Every month in Hindu calendar months is divided into two parts called as Paksha. Each Paksha is equal to 14/15 days. The first 14/15 days of the month is called as Shukla Paksha which is a transition from New Moon to Full Moon and the second 14-15 days of the month is called as Krishna Paksha which is a transition from Full Moon to No Moon.

Simply put

  • Shukla Paksha is the period of brightening moon – Amavasya to Pournami
  • Krishna Paksha is the period of fading moon – Pournami to Amavasya

In Telugu calendar each day has its own name and are called as Thitis. Below are the Thitis of a month as per the telugu calendar:

  1. Padyami (first day)
  2. Vidiya
  3. Tadiya
  4. Chaturdhi
  5. Panchami
  6. Shashti
  7. Saptami
  8. Ashtami
  9. Navami
  10. Dasami
  11. Ekadasi
  12. Dwadasi
  13. Trayodasi
  14. Chaturdasi
  15. Poornima or Amavasya (end of a paksha)

Next comes the crucial DAY!

After introducing the 60-year cycle, 12-month year, 2-months seasons, 15-days paksha; now I will explain the most interesting and shocking part of this post and that is about Day. What we all follow is the clock or time pattern which is 24 hours in a day or 1440 minutes per day or 86400 seconds. But as per the Indian calendar the measuring parameters of time are Ghadi, Pal and Vipal.

Ghadi is hours, Pal is minutes and Vipal or Istha kaal is seconds.  Like the new day starts at 12:00 am as per English calendar, the new day starts at Sunrise time in Indian Calendar. Below points will give you more clarity about the day and time patter in Indian Calendar.

  • Like 24 hours = Day in English Calendar, 60 Ghadis = Day in Indian Calendar
  • Like 60 minutes = hours in English Calendar, 24 Minutes = Hour in Indian Calendar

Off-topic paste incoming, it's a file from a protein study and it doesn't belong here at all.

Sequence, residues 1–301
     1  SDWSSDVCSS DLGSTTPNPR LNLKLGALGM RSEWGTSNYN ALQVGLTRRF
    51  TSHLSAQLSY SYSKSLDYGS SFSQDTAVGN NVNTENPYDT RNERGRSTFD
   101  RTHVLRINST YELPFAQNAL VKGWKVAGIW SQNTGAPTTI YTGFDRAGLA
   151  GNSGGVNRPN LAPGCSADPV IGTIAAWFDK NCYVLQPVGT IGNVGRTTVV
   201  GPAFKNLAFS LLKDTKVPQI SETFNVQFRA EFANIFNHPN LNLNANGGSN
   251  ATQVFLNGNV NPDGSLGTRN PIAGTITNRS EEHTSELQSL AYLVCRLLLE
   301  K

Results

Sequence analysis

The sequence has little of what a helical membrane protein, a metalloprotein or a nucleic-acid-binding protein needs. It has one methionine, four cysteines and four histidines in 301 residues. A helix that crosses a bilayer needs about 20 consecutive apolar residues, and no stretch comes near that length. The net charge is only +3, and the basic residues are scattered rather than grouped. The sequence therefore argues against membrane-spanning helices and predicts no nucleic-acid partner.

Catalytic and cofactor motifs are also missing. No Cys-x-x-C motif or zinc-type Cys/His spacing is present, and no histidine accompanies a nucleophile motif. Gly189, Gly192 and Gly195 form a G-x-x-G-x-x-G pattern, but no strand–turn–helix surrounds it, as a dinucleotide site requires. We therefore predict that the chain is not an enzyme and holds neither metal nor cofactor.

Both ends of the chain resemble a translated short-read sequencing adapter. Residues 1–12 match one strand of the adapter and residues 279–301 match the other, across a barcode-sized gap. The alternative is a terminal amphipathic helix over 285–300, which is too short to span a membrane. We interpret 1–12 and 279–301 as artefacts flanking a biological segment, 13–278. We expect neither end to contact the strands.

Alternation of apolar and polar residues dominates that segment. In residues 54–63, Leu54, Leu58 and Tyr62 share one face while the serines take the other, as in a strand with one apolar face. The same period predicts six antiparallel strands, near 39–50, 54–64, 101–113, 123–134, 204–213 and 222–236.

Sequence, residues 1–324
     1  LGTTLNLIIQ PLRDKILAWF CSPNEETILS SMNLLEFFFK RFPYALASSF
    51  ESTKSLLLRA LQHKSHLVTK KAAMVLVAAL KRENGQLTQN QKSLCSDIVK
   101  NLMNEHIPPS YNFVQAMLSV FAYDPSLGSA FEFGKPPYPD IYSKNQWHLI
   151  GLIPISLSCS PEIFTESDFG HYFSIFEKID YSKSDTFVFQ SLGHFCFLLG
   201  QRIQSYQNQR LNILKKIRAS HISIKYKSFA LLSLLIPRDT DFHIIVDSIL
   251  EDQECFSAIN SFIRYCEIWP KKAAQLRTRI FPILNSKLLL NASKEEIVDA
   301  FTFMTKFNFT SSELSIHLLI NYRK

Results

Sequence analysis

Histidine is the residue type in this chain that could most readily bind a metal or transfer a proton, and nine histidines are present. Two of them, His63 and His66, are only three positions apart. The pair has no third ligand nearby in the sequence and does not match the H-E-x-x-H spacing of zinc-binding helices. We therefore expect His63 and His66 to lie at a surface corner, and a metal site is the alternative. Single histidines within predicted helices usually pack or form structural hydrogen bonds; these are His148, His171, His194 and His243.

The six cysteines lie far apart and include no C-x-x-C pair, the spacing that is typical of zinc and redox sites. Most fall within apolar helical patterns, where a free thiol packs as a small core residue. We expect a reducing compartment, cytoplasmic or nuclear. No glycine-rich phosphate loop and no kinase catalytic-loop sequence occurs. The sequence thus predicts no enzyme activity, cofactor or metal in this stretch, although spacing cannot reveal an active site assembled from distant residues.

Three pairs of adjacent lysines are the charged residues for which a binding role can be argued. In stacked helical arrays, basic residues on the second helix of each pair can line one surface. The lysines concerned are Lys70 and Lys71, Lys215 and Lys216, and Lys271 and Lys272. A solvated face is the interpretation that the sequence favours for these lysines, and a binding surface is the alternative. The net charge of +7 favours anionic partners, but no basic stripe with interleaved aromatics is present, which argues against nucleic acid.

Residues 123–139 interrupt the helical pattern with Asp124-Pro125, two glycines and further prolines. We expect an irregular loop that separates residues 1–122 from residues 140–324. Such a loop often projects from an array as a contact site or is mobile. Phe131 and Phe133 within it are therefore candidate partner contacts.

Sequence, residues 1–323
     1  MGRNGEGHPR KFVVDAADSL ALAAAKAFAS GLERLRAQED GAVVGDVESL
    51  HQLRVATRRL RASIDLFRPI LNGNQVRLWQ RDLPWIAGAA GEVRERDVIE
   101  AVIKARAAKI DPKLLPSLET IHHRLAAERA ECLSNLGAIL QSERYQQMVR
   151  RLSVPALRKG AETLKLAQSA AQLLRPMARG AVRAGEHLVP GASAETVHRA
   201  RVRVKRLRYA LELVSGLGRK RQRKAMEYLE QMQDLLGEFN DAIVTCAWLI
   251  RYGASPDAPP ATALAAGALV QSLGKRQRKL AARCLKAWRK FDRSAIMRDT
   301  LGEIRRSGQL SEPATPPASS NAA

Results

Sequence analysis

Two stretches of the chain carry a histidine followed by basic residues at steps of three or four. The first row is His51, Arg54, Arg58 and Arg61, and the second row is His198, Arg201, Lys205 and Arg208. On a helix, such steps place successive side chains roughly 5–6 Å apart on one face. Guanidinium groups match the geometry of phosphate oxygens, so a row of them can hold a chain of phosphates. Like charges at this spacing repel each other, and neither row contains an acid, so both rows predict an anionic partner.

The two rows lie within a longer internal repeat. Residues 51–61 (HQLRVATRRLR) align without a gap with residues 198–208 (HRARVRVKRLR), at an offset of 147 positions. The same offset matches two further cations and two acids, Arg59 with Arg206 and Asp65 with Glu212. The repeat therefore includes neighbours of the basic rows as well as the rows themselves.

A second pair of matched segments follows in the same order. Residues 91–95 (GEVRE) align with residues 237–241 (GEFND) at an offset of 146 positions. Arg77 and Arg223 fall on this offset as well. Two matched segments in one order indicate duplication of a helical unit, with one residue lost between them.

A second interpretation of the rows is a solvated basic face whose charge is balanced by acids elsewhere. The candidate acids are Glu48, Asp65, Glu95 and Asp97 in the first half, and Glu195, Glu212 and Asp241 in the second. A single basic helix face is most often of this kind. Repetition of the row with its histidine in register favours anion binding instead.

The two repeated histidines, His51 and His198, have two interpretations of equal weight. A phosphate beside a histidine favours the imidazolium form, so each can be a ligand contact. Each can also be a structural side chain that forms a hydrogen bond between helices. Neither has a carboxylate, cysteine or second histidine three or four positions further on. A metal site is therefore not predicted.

• Like 60 seconds = minutes in English Calendar, 24 Seconds = minutes in Indian Calendar.

Divas = Day

Finally, Divas is equal to 30 Ghadiyas of day time and 30 Ghadiyas of night. So, technically Indian day has 60 hours as compared to 24 hours of the western system.  So, in an hour we have 2.5 ghadiyas each lasting for 24 minutes and as I have already explained the day starts from sun rise. For example I will tell you the time now as per the Indian system of calculation. When am writing this post this is the time.

timeHere the time is 22 hours 29 minutes and 7 seconds as per western time. The Indian time given is 39 ghadis 13 pals and 10 vipals. Let’s see how we got this. In Hyderabad Sunrise happened at 6.48am today so that is the beginning of the day which is counted as 00:00:00. Exactly at 6.48PM it is 30 ghadis. From 6.48PM to 10.29PM its 3 hours and 41 minutes or 221 minutes. Now each ghadi is 24 mins. So, if we divide 221 by 24 we get 9.2 ghadis and that 0.2 ghadis equal to 13 pals. Adding this to 30 we get 39 ghadis and 13 pals.

Now you understood how accurately our ancestors were measuring time. Their measurement started from a milli second called vipals went to seconds called pals, went to ghadis called minutes/hours and to days to pakshas to months to seasons to years and finally to a big cycle of 60 years. Hope you all enjoyed reading it and post any queries you have, will try answering them!